Now we're hearing that it may be close to reaching the opposition. Can you tell us whether it has at this point, and, if not, is it about to?


    So, Judy, a number of countries have been providing assistance to the opposition, including the United States.

    And some months ago, you will recall that when our intelligence community concluded initially that Assad had been using on a small scale chemical weapons over the past year, the president said that we would be increasing our support to the opposition. And we have spent some time putting in place an effort to do just that.

    And what I can tell you now, without detailing any of the support, is that we have moved out on that.


    So lethal aid has reached the opposition, is reaching it now?


    So, Judy, what I can say is, without detailing the kind of assistance we're providing, is that we have significantly increased the assistance that is getting to the opposition.


    How long do you any campaign strike against the Assad regime will take? The reason I ask, Tony Blinken, is that we know, in striking Kosovo many years ago, the Clinton administration spoke about it lasting a few days. It went on for something like 72 days.

    How — once something like this get started, how do you know you can put an end to it?


    Judy, it's really important that people understand what this is and what this isn't.

    And it's understandable that people have concerns about this being some kind of open-ended potential action. It is not. The reason people tend to have that as an initial reaction is, they are looking at this through the frame of the last decade, a war in Iraq, a war in Afghanistan, hundreds of thousands of American troops committed.

    Well, what this is, is a very targeted, very focused, time-limited action to deter Assad from using chemical weapons again, and to make it harder for him to do so. What it is not is open-ended. It is not boots on the ground. It is not Iraq. It is not Afghanistan. It's not Kosovo. It's not even Libya.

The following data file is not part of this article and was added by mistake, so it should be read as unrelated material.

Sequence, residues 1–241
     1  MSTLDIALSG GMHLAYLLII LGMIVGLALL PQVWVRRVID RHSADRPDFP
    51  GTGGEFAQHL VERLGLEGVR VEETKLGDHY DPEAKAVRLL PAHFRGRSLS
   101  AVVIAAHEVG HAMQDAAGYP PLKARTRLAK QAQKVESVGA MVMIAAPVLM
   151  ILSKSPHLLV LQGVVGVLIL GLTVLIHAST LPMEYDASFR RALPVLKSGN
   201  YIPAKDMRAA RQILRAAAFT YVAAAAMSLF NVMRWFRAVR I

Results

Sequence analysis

I can't be any more precise than that, but it is a very limited, targeted action, but an effective one, to deal with the use of chemical weapons.


    And is the administration prepared for unintended consequences? The Syrian foreign minister is saying today there's no way of knowing what will be the repercussions of a U.S. strike. He talks about Syria striking back at Turkey, at Israel, and at Lebanon if the U.S. hit his country.


    We are very well-prepared.

    We know that any action has risk, any action can have unintended consequences. We do a lot of work to make sure we anticipate what those might be and to take steps to mitigate them. But we also believe fundamentally that not acting would have far greater and far graver consequences.

    If we don't act to enforce a norm of the use of chemical weapons that has been around for nearly 100 years that Congress has gotten strongly behind over the last decade. If we don't do that, Assad will conclude that he can use these weapons again with impunity. Other countries in the region and beyond who have such weapons or aspire to get them will also conclude that they can acquire them and use them with impunity.

    That would do terrible damage to our security and to the security of countries around the world. So, there are always dangers in acting. We work to mitigate them. There are far greater dangers in not acting.


    Final question about Egypt. There's an Associated Press report this afternoon that the administration, top national security advisers to the president are recommending that he cut off aid to the Egyptian military, hundreds of millions of dollars, in retaliation for the removal of the Morsi presidency.

    Is that the case? Is that what you and others are recommending to the president?


    So, Judy, we know that, after what happened in Egypt, as the president has said, it's not going to be business as usual.

    And in the wake of the violence that we saw after Morsi was pushed out of power, we suspended the delivery of F-16s. We suspended a major military exercise. And the rest of our assistance is under review. We also have a strong incentive to encourage the Egyptians to get on a democratic track, to have an inclusive process that brings an inclusive government into power.

    And we're working with them on that. And beyond that, at this point, all I can tell you is, we look at this on a regular basis, and we have already taken steps to suspend some of our assistance.


    Tony Blinken, who is the deputy national security adviser to President Obama, thank you.


    Thanks for having me, Judy.